My New Pedalboard – A full Tour of my gigging board
As you all know, we review pedals on this website. This means that we gather a lot of pedals of various kinds. You may also know that I am in a sort of function/wedding band. So recently I’ve decided to put together a full, new pedalboard that I would need to get various times for various songs for the band.
Well, the new pedalboard is now finished, and I thought it would be good to put an article together to go into the pedals, the layout, the cabling, the power and what I plan to do with the pedalboard going forward. Most of the pedals mentioned below have a review article, which will be linked below. So let’s first talk about the aim. What was the aim when building this board? What did I want to accomplish?
So going into this new pedalboard, what was my aim? Being in a function band, I need to cover a wide range of sounds. So may require a few pedals. However, I also wanted it to be easy to swap pedals and try new things (being that I also review pedals, I tend to chop and change a lot). Also, I needed the board to be functional! To stand up to gigging, be sturdy and strong!
A small other note is that I wanted to build it, mainly for the fun and learning experience, but also so I know how everything worked and the order etc. this way if anything was to go wrong or I wanted to change things around, I would know the order of things.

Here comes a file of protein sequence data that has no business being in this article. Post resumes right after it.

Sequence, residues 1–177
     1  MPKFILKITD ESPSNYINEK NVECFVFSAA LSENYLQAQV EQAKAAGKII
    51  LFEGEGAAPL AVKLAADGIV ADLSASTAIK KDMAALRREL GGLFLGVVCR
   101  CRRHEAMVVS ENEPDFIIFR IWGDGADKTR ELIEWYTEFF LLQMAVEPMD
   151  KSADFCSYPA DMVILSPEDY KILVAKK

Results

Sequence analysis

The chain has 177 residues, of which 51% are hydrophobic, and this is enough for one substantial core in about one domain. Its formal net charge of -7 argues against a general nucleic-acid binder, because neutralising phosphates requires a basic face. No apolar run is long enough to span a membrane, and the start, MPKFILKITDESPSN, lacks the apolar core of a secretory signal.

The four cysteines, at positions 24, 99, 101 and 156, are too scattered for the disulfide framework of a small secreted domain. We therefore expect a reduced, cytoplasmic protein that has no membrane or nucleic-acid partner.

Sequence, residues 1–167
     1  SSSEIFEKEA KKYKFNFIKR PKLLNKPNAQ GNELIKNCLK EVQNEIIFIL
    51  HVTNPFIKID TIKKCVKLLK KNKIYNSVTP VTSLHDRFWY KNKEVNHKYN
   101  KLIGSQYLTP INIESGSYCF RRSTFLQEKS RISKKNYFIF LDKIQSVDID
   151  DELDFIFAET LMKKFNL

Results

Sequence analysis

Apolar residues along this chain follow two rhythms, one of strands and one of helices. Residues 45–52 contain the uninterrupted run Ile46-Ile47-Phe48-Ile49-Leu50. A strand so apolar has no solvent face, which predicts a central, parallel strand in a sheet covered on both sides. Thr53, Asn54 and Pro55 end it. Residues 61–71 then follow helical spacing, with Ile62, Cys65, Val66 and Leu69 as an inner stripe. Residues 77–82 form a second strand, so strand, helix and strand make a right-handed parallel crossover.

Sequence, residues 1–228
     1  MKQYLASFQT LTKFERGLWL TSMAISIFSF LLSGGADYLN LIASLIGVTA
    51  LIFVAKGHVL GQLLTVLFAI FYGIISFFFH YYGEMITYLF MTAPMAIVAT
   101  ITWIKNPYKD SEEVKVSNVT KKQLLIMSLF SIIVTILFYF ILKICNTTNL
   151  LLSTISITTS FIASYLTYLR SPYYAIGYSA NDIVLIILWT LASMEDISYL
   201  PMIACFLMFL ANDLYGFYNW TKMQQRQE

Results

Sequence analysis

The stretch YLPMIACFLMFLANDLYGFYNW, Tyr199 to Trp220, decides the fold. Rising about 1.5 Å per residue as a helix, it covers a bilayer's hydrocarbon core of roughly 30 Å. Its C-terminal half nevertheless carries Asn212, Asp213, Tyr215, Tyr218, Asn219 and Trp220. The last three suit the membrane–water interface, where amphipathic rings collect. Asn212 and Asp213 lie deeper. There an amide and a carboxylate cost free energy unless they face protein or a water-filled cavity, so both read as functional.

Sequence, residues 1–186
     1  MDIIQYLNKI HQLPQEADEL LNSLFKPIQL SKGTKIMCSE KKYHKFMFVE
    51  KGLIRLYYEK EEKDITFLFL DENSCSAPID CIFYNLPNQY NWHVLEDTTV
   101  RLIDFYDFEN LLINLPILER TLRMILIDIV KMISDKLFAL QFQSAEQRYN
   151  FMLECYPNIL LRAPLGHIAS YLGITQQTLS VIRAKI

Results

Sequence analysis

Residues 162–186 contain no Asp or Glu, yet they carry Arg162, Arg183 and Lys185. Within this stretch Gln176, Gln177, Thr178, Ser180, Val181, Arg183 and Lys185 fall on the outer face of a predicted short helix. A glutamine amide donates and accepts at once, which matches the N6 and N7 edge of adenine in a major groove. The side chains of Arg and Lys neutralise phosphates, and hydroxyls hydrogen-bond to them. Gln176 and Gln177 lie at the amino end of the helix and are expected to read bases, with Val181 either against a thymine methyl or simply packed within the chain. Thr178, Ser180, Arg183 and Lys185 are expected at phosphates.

So why don’t we start at the very core? The board itself! What is the board and where did it come from?
The New pedalboard “Board”
Let’s talk about the board, for the board I was looking at various pre-made boards, however, speaking to Lewis from LT Guitars (he made my custom guitar). He was keen to build a board! So away he went! I think the board came out amazing! Perfect size! Enough space for me to expand, or shrink to one level of what I want to. I went ahead and covered it with Velcro and started to put the pedals on.
So what pedals did I use? Well, let’s go over the pedal types, why that kind of pedal and which ones I went for! Starting with the most simple pedals.
The first two pedals in the chain are both utility pedals. The first is a tuner! Everyone needs to be in tune! For my tuner I have only ever had two tuner pedals in the years I’ve been playing the guitar. Both have been the Boss TU pedals. I am currently using the TU-3 on this board. I have no issue with the Boss TU-3 tuning pedal, works exactly as I want it to!
The next utility pedal is my Digitech Drop Pedal. For some songs on the set, we have changed the key, and if I’m honest, I’m too lazy to detune or work out the chords! Just as easy to hit the drop-tune pedal and carry on. This pedal is just for pure laziness!